From the start of the uprising, the regime insisted it was facing an Islamist insurgency as a way of justifying its murderous response to overwhelmingly peaceful demands for political reforms.

To give that narrative credence and bolster support among the fearful religious minorities it depends on for support, as well as Syria’s moderate mainstream population, the regime sought to create instability inside Syria, including acts of violence by Sunni extremists, said the former intelligence officer. He spoke on condition of anonymity.

He is one of a small number of Alawite security officers who defected from the regime in protest at its tactics to break the uprising.

Although he left his position as head of a military intelligence unit in northern Syria in the summer of 2011, he remains in contact with some former colleagues and has not joined the opposition.

In fact, he believes Al Assad should remain in power as a preferable alternative to radical Islamist factions that have come to dominate the armed rebellion.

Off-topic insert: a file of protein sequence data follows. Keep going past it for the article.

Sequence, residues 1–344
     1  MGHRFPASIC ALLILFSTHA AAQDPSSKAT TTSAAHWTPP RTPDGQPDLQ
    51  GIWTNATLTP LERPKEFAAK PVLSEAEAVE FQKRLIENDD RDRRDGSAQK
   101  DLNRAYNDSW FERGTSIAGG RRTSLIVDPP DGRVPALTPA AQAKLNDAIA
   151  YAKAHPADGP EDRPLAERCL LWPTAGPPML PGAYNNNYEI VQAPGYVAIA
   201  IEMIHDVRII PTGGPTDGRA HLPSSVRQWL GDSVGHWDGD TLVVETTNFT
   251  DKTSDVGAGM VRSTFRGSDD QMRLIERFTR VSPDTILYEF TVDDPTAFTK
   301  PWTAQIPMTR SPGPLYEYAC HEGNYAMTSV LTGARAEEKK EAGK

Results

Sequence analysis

Groups such as the Islamic State of Iraq and the Levant (Isil) and Jabhat Al Nusra have been infiltrated by Syria’s security forces, the former intelligence officer said, with regime personnel helping them wage war against other Islamic groups and, in some cases, even against Syrian regime forces.

“This regime is clever, no one on the outside will ever understand what goes on inside,” he said, describing a shadowy system of intelligence branches spying on each other, betraying one another, sometimes promoting attacks by armed rebels on other security branches – all in the name of serving the president.